Our next stop was the Improvised Improv Show at Dropkick Murphy’s. We had originally planned to only go and do this show on the Saturday, but it was so much fun we went back the following day as well. By this point, we’d had some food and it was a bit later in the afternoon, so I was ready to go. It was really nice for us, because, like I said earlier, you never really know where your group stands on the improv ability-scale. On the Saturday, myself, Mike, and Allan were certainly three of the stronger players (amongst a group of nine), and it’s always fun to be dropped into games you’ve never played before live on stage. It was quite a proud moment for me actually – having taught Mike & Allan when they first joined UFI, and then having founded The Same Faces with them, to see them both performing on someone else’s stage and really making it their own was brilliant.

    Allan was losing his voice on the Sunday, so Mike & I went back to do the show again, and – without wishing to be arrogant – we stole the show. We were definitely two of the strongest players in that days line up (top 3 for definite), and again, it was great to have a moment of “oh, we can do this as well as anyone.” Mike & I played a game of “Next Lines” that was probably one of the funniest things we’ve ever done together. It was also here that we met our new friend, Svavar Svavarsson, for the first time. Svavar is a London-based Icelandic improviser, who is highly skilled, and will be coming to perform with The Same Faces this Saturday, which is going to be fun!

    None of these gigs, though, were our best performance of the weekend – that came later that evening. Svavar joined our group for the afternoon as we wandered around the city (coming with us to see The Maydays), and around 4:30pm, he received a text from Jules at the Nursery Theatre to say they’d had a drop out for The Nursery Presents... show that evening, and could he put a group together to fill in. That group turned out to be the four of us.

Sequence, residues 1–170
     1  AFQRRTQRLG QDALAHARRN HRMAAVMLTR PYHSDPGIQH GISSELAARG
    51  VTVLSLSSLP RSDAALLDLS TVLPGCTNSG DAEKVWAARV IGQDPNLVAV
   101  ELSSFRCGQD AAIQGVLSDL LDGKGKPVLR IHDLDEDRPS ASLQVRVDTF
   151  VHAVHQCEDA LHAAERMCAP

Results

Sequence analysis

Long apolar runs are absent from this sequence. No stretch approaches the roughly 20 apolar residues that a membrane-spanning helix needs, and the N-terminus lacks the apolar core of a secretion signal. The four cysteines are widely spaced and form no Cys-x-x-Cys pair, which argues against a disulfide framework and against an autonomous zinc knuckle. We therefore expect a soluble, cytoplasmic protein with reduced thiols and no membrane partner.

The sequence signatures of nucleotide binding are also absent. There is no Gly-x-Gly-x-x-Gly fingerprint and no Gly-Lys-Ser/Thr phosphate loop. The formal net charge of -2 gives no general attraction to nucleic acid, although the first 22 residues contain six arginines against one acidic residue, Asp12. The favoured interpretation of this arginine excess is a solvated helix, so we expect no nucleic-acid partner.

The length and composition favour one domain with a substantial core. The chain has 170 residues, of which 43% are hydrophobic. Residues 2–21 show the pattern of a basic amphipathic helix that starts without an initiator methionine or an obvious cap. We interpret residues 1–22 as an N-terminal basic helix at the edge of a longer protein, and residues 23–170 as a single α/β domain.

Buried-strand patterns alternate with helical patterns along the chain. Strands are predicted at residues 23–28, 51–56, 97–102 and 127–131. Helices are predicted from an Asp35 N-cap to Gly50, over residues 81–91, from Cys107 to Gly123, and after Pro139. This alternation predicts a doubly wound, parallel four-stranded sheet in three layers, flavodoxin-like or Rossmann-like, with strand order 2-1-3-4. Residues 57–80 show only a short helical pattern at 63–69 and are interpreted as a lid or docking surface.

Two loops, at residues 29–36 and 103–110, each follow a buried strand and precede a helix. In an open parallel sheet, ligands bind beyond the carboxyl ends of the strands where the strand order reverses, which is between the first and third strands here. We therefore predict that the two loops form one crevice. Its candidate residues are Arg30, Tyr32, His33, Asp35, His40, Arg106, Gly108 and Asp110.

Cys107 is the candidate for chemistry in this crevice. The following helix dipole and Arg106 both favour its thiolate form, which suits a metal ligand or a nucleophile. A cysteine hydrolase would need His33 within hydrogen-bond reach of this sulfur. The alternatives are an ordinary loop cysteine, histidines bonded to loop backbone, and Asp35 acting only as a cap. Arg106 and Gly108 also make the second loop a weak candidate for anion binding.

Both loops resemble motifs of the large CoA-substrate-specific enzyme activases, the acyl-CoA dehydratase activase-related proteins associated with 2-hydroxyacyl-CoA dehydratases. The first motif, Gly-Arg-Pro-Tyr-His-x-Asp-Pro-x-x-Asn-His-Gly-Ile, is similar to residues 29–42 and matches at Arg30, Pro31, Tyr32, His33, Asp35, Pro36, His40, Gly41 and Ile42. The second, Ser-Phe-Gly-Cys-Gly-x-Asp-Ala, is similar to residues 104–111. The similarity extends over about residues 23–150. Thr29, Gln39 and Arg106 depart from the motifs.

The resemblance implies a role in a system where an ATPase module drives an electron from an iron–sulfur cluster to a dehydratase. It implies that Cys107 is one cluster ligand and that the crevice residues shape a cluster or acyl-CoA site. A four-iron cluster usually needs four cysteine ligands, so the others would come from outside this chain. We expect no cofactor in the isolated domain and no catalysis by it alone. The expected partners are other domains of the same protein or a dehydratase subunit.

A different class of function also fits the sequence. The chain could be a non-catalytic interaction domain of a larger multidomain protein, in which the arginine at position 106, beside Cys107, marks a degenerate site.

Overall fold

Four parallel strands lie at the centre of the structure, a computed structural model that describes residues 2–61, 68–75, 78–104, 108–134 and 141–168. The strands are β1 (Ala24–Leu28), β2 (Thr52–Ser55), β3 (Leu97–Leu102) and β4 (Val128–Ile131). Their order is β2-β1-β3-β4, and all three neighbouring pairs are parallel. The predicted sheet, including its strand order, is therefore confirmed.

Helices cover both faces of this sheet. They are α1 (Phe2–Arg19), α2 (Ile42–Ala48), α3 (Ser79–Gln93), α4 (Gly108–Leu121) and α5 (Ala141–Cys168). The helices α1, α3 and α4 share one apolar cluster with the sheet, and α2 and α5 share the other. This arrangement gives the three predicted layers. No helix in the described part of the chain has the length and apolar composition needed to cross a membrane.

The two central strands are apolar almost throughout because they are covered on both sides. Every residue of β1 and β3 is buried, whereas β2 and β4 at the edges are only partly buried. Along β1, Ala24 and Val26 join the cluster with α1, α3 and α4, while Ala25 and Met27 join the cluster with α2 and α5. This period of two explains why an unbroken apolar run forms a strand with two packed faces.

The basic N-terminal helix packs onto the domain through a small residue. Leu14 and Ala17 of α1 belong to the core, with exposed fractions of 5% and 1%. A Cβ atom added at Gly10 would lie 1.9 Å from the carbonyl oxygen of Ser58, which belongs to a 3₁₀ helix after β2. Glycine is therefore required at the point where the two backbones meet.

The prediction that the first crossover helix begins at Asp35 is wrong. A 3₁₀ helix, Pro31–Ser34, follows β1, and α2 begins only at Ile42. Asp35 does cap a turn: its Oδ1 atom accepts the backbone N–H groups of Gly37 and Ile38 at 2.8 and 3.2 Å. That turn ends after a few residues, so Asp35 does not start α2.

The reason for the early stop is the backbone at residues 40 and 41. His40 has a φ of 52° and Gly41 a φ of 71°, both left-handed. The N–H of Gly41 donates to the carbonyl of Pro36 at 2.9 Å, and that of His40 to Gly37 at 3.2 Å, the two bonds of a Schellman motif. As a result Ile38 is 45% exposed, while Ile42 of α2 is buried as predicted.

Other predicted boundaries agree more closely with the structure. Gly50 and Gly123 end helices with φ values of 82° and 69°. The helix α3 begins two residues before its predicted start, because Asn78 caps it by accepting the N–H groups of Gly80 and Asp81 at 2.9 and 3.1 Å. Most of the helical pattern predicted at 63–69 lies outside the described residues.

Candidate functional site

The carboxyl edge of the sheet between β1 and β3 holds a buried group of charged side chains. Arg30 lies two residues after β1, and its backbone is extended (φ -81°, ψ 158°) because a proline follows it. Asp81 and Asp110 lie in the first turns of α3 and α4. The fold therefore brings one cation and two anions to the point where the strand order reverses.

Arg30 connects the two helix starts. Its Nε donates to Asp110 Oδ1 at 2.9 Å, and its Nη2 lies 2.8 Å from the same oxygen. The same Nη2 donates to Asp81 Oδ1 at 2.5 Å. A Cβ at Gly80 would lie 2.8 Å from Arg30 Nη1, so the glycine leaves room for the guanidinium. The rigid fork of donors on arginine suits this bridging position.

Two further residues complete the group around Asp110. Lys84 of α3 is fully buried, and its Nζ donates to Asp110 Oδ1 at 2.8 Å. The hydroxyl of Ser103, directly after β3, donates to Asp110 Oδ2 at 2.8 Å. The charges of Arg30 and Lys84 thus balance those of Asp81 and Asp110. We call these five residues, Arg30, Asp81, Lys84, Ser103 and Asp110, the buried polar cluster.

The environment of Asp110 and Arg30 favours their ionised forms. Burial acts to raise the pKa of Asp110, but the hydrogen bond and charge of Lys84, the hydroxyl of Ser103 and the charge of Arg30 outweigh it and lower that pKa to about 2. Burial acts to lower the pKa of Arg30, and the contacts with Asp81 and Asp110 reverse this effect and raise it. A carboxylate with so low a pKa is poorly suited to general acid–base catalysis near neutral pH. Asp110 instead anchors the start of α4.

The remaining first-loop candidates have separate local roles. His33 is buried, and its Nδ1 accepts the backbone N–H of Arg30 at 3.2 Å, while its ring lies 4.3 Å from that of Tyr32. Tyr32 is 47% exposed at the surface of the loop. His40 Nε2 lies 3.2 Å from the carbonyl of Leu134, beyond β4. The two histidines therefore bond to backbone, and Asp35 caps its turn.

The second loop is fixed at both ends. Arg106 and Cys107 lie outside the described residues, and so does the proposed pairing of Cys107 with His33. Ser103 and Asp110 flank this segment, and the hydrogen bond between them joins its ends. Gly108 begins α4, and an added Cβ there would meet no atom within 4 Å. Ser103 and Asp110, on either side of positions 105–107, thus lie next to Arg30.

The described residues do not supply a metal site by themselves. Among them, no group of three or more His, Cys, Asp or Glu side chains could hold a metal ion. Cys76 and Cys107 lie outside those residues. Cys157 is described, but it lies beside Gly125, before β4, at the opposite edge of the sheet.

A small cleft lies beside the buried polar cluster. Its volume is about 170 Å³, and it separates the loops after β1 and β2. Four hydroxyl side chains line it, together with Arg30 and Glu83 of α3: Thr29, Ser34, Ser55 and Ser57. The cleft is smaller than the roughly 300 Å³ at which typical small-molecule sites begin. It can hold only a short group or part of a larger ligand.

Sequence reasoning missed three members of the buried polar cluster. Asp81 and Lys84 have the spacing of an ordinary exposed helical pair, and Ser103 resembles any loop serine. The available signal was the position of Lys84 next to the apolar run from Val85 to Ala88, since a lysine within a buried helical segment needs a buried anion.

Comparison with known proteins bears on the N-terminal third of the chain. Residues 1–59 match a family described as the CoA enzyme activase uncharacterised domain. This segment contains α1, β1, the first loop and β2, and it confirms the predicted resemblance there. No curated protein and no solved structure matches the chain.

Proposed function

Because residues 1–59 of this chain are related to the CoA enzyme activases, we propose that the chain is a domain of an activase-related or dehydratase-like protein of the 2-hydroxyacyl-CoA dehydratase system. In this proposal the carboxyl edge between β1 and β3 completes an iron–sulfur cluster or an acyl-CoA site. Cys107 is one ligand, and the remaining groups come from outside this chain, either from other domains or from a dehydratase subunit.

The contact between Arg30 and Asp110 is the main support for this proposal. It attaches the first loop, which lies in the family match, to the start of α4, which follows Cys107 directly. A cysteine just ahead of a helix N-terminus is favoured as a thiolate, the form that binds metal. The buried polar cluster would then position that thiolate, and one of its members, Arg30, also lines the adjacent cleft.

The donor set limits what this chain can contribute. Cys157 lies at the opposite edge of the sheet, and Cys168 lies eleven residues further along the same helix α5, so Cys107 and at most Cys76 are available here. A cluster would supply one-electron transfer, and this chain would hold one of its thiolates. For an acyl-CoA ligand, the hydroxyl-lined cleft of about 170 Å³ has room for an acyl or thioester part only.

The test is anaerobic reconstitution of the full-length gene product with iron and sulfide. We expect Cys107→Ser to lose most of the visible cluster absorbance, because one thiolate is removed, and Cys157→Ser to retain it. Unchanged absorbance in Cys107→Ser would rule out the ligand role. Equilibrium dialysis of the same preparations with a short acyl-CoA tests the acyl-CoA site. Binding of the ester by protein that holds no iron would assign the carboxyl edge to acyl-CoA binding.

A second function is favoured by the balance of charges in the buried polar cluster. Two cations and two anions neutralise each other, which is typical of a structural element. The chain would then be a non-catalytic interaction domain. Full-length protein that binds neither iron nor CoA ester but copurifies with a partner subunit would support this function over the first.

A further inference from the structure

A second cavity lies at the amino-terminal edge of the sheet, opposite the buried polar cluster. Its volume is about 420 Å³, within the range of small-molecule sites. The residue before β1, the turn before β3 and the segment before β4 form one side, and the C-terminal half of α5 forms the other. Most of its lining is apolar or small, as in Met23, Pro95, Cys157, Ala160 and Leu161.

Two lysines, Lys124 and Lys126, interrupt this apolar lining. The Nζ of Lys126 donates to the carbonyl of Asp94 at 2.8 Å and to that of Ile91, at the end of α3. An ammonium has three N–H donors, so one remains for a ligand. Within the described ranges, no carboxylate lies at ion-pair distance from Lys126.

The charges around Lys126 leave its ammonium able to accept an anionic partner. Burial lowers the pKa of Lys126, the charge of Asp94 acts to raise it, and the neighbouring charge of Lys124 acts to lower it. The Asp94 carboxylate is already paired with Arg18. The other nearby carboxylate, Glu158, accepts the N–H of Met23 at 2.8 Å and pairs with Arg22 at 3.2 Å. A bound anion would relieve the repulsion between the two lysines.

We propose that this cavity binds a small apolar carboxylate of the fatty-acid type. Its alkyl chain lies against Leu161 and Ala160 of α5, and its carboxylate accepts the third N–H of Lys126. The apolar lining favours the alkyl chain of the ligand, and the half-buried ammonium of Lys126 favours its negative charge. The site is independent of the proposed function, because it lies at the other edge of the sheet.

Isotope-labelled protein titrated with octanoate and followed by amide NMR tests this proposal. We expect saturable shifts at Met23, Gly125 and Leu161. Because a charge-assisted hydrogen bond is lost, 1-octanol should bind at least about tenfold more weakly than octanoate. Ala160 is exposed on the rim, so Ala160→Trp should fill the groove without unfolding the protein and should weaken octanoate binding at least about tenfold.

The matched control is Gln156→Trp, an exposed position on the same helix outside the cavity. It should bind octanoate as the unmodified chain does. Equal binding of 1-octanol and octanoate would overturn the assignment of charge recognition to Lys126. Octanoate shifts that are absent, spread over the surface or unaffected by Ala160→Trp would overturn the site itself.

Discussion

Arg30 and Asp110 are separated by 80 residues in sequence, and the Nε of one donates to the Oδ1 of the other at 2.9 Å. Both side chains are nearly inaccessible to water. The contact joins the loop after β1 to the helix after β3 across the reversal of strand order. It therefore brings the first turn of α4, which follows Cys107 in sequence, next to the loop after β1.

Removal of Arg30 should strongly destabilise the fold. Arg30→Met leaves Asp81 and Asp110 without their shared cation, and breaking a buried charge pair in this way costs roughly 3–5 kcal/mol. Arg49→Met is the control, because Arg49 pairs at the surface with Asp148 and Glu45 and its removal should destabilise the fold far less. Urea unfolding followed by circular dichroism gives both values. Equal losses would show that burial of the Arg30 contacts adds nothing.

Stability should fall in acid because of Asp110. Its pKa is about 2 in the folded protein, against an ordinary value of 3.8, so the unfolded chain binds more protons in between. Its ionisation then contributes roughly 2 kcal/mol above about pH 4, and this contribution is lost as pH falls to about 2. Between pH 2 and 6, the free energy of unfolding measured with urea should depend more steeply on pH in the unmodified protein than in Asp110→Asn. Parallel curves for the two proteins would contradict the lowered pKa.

The decision was made to use our ten minute spot to play an old Faces’ favourite, “Rescue Me” – a game created by The Noise Next Door (credit where credit is due) – though there was one problem. The show was at 9:30pm, and I wouldn’t get out of Craig Campbell’s show until 9:45pm. Banking on the assumption that we wouldn’t have to be on stage at 9:30pm precisely, I ran – through pouring rain – from the Assembly Rooms to the King James hotel, and basically walked straight on stage. The boys were already in the second scene of the game as I arrived, with Svavar as the rescuer. What the audience must have thought as they watched a soaking wet, giant-man walk down the aisle, and jump on stage I don’t know – it even took Allan a second to realise who I was and introduce me to the room. While I’d been gone, they’d somehow managed to recruit Yshani Perinpanayagam, the pianist from the London-based group Music Box, to play for us – who, I have to say, was really spectacular. One of the Rescue Me scenes was a musical set on a building site, and she added huge value both there and throughout the game, bringing tone and mood to each scene with just a few chords. Still not sure how we got her, but I’m glad we did.

    Other scenes in the game included the dual-headed, Irish, giant talking aardvark, and the two people at a séance for the first time (we got the whole room to hold hands in a big circle). Yes, I’m biased, but I’d say it was one of the best parts (if not the best) of the showcase that evening. I did also enjoy the jam session that followed, in which I got to do a stake-out scene from a buddy-cop movie, obviously affecting an American accent as I went.

    That pretty much concluded the main parts of the weekend. It was a genuine pleasure to be back in Edinburgh during the festival. I didn’t realise how much I’d missed it.

    Mike said to me on Saturday afternoon, “how’re you enjoying Edinburgh?”

    “Oh, dude,” I said – because I’m quite street these days, “it’s one of the few places I really feel at home.”